Why Swedes are master innovators

Why Swedes are master innovators
The Swedes' high tolerance for failure has bred a culture where people are not afraid to take risks and think out of the box.

Mention Sweden and many people may think of the furniture giant Ikea, fashion chain H&M, footballer Zlatan Ibrahimovic, or Volvo cars. And possibly, Vikings.

But this northern European country is also a hotbed of innovative products and services.

Music streaming service Spotify hails from Sweden and one of the co-founders of Internet communications service Skype is a Swede too. The good old monkey wrench, as well as the three-point seatbelt used in many vehicles today, also originated in Sweden.

In the World Bank's 2012 Knowledge Economy Index, Sweden topped more than 140 economies. Singapore was a modest 23rd.

The index ranks a country's preparedness to compete in an economy which involves creating products and providing services based on knowledge-intensive activities.

Sweden was rated the third most innovative in the world, according to last year's Global Innovation Index published by Insead, an international graduate business school. Singapore ranked seventh out of more than 140 economies.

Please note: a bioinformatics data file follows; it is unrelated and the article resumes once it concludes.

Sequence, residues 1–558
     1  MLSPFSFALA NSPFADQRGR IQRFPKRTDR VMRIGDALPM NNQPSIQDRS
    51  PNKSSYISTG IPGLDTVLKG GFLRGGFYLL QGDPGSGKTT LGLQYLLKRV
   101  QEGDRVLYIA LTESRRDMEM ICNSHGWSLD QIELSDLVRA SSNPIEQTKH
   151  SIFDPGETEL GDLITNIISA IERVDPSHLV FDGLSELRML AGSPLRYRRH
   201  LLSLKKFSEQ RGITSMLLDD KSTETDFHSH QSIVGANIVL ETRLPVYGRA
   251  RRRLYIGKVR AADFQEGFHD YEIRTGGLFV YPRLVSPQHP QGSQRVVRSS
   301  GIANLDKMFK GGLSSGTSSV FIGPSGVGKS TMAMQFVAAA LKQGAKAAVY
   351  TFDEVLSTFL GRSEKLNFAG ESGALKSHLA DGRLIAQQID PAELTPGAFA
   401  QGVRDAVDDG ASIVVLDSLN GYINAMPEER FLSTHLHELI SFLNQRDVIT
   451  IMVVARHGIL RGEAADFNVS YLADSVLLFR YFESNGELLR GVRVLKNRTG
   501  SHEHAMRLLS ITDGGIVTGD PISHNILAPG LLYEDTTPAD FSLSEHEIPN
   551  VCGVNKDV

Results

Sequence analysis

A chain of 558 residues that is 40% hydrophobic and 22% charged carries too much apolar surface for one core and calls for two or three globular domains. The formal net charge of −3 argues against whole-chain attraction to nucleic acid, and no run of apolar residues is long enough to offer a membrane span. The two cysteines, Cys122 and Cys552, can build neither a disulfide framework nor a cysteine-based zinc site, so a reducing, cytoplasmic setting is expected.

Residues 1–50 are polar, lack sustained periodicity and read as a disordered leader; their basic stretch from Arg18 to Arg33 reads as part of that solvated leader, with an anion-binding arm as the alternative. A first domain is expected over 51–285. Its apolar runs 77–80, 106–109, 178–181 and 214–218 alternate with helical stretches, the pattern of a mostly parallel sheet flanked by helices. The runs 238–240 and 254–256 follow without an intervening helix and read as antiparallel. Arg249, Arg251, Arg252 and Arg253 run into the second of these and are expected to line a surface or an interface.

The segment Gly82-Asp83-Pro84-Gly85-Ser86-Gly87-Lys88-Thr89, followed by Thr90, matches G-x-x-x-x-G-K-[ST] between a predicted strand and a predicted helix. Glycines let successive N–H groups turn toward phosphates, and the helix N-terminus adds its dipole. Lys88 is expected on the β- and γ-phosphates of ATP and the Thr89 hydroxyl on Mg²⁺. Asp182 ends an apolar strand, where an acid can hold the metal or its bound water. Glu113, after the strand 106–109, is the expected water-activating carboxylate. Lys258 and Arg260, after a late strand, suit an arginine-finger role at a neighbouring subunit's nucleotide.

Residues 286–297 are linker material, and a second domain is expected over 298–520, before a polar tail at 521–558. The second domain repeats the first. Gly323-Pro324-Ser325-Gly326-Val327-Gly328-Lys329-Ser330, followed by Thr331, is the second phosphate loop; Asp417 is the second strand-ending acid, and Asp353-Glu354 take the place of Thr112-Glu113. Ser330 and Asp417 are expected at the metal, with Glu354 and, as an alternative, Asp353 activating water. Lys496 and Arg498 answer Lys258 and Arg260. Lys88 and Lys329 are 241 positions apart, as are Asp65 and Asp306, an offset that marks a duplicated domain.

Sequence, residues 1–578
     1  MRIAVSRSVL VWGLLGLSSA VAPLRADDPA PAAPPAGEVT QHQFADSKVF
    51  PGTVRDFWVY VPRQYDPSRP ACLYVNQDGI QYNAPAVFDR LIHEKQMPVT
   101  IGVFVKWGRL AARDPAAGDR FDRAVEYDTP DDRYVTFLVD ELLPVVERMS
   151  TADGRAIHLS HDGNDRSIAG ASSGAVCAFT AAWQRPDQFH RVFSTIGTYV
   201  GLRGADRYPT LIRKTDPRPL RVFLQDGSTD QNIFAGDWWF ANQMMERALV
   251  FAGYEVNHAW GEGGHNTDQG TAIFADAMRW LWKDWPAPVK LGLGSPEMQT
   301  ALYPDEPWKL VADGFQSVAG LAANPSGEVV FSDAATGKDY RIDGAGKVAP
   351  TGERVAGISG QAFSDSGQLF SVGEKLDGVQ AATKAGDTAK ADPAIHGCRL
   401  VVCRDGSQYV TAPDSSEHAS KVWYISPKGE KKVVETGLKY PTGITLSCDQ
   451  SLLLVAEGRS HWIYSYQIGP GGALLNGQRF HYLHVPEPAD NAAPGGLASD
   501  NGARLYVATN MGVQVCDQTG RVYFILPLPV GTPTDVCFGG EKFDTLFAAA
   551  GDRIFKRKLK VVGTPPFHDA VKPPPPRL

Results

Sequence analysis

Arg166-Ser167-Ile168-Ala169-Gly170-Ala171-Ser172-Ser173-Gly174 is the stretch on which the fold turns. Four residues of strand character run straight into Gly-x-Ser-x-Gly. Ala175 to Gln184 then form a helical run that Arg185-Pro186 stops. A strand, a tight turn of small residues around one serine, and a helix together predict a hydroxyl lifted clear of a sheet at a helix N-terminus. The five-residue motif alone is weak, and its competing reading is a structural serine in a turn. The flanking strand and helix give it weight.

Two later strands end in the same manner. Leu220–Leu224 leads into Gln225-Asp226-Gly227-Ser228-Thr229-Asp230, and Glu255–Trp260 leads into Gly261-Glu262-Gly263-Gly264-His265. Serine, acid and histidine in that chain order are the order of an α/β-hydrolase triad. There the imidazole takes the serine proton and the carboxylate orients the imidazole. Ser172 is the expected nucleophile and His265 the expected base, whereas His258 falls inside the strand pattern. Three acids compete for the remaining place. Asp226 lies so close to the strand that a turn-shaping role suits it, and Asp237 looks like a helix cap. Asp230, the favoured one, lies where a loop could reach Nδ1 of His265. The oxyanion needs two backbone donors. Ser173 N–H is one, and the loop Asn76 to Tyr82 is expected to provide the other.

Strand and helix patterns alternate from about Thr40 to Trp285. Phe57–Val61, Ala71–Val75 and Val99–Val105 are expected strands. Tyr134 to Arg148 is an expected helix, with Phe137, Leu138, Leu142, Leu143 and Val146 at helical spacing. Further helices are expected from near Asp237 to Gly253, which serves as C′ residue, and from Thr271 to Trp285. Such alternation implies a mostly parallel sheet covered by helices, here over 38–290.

Being innovative does not mean having a large population. Sweden, like Singapore, has a small population relative to some of its neighbours.

Sweden has about 9.6 million people. France has 66 million, and Germany, 80.6 million, according to World Bank figures for 2013.

"With 0.13 per cent of the world population, we cannot compete on cost.

The only solution for the Swedish economy is to be more innovative and compete with smarter products, services and processes to add value," said Mr Jan Sandred of Vinnova, a Swedish government agency, whose mission involves funding research and innovation projects.

He is programme manager of its innovation management department.

Such investments by the agency and other organisations have given the country a boost when it comes to its innovation ranking.

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